How will the Budget affect the motorist?
We explore how the first Tory Budget in almost 20 years will affect the motorist
With the Chancellor completing the Conservative Party’s first independent budget since 1996, in what has been billed “The most significant in recent times”, GEM focuses on how this afternoon’s speech will affect the motorist.
The most obvious political hot-potato has been frozen for the rest of the year.
Insurance and running costs
No VAT rises also mean (in theory) that typical motor expenses, where VAT is payable, are less likely to increase, such as parts bills, garage costs, et al. However, the Insurance Premium Tax (IPT) rise, to 9.5% from November, could mean an increase in many motor insurance premiums.
The Chancellor is also consulting on extending the time in which a car has to be examined for its first MoT Test, from three to four years, saving motorists over £100m per year collectively. However, this has an obvious safety implication, about which I shall blog later.
Car tax and roads investment (VED)
The most notable change involves car tax (Vehicle Excise Duty – VED). After hearing his announcements on the issue, we were left wondering if the Chancellor read our blog that highlighted a system that even he described today as both unfair and unsustainable.
By 2017, he revealed that over 75% of new cars would pay no VED in their first year spent on the road (including some of the most expensive models available, as our earlier blog highlighted).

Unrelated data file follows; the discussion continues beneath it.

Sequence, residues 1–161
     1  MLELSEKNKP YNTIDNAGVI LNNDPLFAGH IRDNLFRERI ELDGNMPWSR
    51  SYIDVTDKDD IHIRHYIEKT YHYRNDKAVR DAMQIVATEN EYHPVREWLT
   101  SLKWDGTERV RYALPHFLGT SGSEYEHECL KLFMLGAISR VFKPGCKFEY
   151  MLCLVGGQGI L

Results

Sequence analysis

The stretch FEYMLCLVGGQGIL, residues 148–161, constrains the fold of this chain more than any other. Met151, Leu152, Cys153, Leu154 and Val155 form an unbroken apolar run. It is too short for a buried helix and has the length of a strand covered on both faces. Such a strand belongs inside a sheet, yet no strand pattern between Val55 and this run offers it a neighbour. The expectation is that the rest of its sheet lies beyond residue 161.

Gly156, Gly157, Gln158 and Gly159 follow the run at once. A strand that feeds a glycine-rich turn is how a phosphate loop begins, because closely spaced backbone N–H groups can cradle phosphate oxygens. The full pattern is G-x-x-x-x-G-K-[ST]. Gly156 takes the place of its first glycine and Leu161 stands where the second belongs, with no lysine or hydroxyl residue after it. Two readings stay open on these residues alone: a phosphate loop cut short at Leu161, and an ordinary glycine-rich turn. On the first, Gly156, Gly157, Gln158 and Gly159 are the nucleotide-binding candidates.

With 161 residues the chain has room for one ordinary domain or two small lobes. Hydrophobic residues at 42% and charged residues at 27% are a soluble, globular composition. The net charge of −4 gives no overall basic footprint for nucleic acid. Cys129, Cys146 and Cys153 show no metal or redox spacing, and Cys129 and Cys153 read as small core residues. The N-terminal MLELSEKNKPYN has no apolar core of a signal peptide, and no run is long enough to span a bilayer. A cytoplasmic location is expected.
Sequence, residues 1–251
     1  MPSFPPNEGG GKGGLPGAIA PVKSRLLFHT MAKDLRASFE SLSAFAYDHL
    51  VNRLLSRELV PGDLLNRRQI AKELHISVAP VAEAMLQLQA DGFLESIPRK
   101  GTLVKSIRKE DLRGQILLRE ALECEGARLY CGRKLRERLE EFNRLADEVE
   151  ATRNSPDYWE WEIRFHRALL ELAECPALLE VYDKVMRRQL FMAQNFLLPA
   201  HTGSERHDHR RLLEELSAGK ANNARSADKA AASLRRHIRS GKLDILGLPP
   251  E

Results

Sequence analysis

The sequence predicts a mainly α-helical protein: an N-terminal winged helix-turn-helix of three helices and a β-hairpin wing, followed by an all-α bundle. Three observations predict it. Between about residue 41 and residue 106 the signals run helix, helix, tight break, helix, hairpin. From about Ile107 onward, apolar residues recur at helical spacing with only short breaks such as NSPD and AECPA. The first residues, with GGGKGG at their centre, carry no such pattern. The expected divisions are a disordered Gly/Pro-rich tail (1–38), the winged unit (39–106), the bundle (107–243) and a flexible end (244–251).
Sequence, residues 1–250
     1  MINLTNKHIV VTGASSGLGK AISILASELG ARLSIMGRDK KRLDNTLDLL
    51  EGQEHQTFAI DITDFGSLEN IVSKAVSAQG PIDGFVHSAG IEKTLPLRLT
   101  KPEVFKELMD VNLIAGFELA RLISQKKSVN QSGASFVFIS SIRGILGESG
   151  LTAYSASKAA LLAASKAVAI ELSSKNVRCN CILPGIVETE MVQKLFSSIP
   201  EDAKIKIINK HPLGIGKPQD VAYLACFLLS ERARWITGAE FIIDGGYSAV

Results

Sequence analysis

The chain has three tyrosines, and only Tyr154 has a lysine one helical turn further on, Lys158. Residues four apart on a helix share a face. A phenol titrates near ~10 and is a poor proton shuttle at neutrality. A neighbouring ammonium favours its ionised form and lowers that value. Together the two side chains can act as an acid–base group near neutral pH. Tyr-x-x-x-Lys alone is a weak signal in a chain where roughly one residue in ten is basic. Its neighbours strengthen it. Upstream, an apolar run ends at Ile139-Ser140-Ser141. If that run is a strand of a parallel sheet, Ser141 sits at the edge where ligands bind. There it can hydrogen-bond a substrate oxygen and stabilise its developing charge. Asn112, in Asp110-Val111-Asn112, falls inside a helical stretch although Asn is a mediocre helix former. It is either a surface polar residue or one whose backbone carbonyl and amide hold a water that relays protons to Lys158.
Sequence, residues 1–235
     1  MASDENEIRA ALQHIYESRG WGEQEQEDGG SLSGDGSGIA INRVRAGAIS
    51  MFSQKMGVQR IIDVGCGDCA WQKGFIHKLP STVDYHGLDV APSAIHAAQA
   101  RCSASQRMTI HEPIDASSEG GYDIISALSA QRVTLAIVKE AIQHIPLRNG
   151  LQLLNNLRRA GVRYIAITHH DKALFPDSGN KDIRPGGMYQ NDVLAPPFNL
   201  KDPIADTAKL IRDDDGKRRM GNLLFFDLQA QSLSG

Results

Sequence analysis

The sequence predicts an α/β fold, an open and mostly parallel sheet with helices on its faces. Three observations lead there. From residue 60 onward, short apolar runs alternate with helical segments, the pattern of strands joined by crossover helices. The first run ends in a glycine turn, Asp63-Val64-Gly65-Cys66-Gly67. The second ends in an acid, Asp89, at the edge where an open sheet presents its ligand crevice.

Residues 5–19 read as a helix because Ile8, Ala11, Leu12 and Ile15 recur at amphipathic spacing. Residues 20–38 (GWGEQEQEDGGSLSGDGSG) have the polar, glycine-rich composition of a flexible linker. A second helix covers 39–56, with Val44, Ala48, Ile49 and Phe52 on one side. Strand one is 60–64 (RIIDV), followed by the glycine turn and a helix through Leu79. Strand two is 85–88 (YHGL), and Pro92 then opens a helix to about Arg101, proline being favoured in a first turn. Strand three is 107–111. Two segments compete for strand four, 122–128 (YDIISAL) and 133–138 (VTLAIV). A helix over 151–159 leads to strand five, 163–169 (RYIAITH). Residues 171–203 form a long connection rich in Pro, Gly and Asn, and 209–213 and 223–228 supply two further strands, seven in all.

The Chancellor stated that, if one can afford a new car, one can pay VED. After all, second-hand cars (which tend to be owned by people unable, or unwilling, to buy a new car) tend to pay higher VED rates, which the Chancellor concurred is a regressive policy.
From 2017, fresh VED bands will be introduced for new cars in their first year, which will be set according to emissions, updated for new technology. No doubt, more information on this will follow soon. Thereafter, there will be three bands, which simplify the current system considerably: ‘Zero Emission’, ‘Standard’ (costing £140 per year, covering 95% of vehicles sold), and ‘Premium’. There will be no changes to VED rates for existing passenger cars, on the road already.
The Chancellor acknowledged that four out of every five UK journeys are made by road, yet, he stated that the UK ranks behind Namibia and Puerto Rico in the quality of our network. He stated that the moves will stabilise the falling revenues from VED but the Chancellor will reverse Winston Churchill’s move and allocate the monies collected from VED directly to the roads, rather than it swelling the general taxation pot. There was no comment whether, or not, this would raise total expenditure on the network.
A New Road Fund, paid for by VED, will be collected in England to spend on English roads. Devolved administrations will be consulted on how this will work in those areas.
With lots of other important announcements raised, the motorist certainly was not forgotten but more clarification will follow, as the fine-print of today’s announcements are scrutinised.